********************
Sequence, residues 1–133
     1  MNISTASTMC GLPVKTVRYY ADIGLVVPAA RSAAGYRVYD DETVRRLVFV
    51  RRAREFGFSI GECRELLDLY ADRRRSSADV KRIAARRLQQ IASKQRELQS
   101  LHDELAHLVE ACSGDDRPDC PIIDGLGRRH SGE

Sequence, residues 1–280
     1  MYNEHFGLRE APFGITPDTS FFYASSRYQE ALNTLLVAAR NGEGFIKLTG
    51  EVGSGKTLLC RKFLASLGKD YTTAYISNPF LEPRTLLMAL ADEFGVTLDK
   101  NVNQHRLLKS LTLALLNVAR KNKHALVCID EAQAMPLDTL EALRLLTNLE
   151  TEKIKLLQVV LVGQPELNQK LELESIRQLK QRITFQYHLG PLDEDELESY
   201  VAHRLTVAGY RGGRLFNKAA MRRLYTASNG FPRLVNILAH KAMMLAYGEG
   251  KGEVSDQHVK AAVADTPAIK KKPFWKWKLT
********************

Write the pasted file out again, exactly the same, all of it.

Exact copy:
Sequence, residues 1–133
     1  MNISTASTMC GLPVKTVRYY ADIGLVVPAA RSAAGYRVYD DETVRRLVFV
    51  RRAREFGFSI GECRELLDLY ADRRRSSADV KRIAARRLQQ IASKQRELQS
   101  LHDELAHLVE ACSGDDRPDC PIIDGLGRRH SGE

Sequence, residues 1–280
     1  MYNEHFGLRE APFGITPDTS FFYASSRYQE ALNTLLVAAR NGEGFIKLTG
    51  EVGSGKTLLC RKFLASLGKD YTTAYISNPF LEPRTLLMAL ADEFGVTLDK
   101  NVNQHRLLKS LTLALLNVAR KNKHALVCID EAQAMPLDTL EALRLLTNLE
   151  TEKIKLLQVV LVGQPELNQK LELESIRQLK QRITFQYHLG PLDEDELESY
   201  VAHRLTVAGY RGGRLFNKAA MRRLYTASNG FPRLVNILAH KAMMLAYGEG
   251  KGEVSDQHVK AAVADTPAIK KKPFWKWKLT